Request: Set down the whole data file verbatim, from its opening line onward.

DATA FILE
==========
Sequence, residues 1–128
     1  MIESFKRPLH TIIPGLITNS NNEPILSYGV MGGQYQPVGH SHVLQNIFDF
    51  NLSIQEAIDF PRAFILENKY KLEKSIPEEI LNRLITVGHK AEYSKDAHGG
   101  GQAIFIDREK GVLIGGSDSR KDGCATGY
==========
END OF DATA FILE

Sequence, residues 1–128
     1  MIESFKRPLH TIIPGLITNS NNEPILSYGV MGGQYQPVGH SHVLQNIFDF
    51  NLSIQEAIDF PRAFILENKY KLEKSIPEEI LNRLITVGHK AEYSKDAHGG
   101  GQAIFIDREK GVLIGGSDSR KDGCATGY